Another known cleaning box configuration includes an elongated, rectangular box having square, machined openings in the bottom thereof. The rectangular cleaning box has between about 6 and 12 filling nozzles positioned therein. The cartons are inserted upwardly into the box to engage the nozzles, and subsequently to be filled.

While the rectangular cleaning box provides an isolatable region configured to accommodate a plurality of nozzles, the cost to manufacture a machined, rectangular box can be prohibitive. Moreover, because of the shape and size of the box, not all types of cartons can be filled using the filling apparatus. As with the circular cleaning box, gable top cartons may not properly fit through the machined openings. In addition, similar to the circular cleaning box, the filling tubes and nozzles are completely enclosed within the rectangular box and are thus not readily accessible for cleaning, maintenance and inspection.

With both the rectangular cleaning box and the circular cleaning box, inspection, cleaning and maintenance of the filling tubes and nozzles can require that one or more major portions of the apparatus be disassembled in order to access the appropriate areas within the equipment.

Accordingly, there continues to be a need for a cleaning box for a filling apparatus that provides a fully isolatable region, and which cleaning box is configured to accommodate a plurality of filling nozzles. Such a cleaning box further permits ready access to the nozzle for cleaning, maintenance and visual inspection without disassembly of a major portion of the apparatus.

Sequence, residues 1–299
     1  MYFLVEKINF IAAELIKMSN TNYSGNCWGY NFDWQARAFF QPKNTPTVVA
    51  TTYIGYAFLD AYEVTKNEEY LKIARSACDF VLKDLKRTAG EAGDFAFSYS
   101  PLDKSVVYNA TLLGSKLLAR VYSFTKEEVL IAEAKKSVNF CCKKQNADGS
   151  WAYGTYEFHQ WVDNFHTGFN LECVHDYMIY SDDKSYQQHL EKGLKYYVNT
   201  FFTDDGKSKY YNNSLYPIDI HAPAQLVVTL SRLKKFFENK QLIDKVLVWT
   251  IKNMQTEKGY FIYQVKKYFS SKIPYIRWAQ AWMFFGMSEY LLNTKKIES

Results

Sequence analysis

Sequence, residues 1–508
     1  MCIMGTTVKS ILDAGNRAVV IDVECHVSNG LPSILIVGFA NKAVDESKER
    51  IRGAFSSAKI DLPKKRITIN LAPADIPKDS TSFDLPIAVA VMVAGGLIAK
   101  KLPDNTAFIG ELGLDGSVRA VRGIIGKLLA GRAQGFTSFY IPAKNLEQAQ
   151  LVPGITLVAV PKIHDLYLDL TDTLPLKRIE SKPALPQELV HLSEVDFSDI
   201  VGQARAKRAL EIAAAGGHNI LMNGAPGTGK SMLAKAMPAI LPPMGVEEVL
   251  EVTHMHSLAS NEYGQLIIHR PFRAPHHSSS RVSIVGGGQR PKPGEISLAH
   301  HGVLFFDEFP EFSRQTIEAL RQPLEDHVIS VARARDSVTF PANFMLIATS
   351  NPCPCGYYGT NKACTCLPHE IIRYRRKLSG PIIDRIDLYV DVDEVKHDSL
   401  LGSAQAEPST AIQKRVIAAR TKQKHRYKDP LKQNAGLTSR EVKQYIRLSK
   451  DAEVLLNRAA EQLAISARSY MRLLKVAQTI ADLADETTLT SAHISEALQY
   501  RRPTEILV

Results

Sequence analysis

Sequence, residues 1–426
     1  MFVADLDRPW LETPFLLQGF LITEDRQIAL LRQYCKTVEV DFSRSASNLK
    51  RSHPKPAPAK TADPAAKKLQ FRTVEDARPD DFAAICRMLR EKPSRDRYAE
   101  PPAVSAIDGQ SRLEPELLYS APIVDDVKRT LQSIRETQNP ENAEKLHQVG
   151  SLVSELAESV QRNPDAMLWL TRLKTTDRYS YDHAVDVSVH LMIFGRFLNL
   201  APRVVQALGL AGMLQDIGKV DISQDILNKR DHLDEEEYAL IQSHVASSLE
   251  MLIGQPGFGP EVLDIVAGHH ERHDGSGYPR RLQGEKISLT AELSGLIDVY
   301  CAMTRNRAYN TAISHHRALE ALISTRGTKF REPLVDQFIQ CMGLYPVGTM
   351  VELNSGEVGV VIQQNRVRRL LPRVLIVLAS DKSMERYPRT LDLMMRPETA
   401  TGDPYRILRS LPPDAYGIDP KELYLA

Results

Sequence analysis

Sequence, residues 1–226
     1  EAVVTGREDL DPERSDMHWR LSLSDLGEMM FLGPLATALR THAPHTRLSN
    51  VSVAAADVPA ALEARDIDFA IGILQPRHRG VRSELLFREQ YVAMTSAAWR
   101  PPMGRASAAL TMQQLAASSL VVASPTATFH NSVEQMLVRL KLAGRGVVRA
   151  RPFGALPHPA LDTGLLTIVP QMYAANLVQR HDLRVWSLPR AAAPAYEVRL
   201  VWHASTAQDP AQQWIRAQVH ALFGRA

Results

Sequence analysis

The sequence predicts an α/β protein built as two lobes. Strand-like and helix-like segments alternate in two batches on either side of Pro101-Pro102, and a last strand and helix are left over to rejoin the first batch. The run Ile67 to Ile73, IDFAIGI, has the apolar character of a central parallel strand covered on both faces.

SUMMARY OF THE INVENTION

A cleaning box for use with an associated liquid food product filling apparatus includes an elliptical cylindrical body having an angled open end. The cleaning box is configured for use with a filling apparatus having at least one, and preferably a pair, of depending elongated filling tubes. The cleaning box has a mounting member from which the filling tubes depend. The elliptical cylinder provides a shroud-like enclosure for the filling tubes and extends from the mounting member so as to define, in part, a shroud for the filling tubes.

The elliptical cylinder has a longitudinal axis, and is mounted to the mounting member so as to define an elliptical juncture therebetween. The elliptical cylinder terminates so as to define an opening being formed at an angle relative to the longitudinal axis. The opening defines a predetermined end profile and is configured such that the filling tubes are visually perceptible from a plane perpendicular to the longitudinal axis at about the opening.

In a preferred embodiment, the opening end profile scribes a circle in the plane of the opening, and the plane angle is formed at an angle of 45 relative to the longitudinal axis.

Optionally, the cleaning box can include a sealed closure cap which, when engaged with the cleaning box, provides an isolated environment for cleaning the filling tubes and filling nozzles. The cleaning box can include one or more nozzles, for, for example, supplying cleaning fluids, such as water, acids, alkali, disinfectants, detergents and the like, to the cleaning box, and for draining the fluids therefrom. The cleaning box can also include a spray nozzle for directing cleaning fluid between the filling tubes. In a preferred arrangement, the drain nozzle and closure cap are each configured having a downward slope or pitch to effect drainage. The inlet nozzle can be tangentially mounted to the cleaning box to impart a swirling motion to the inlet cleaning fluid.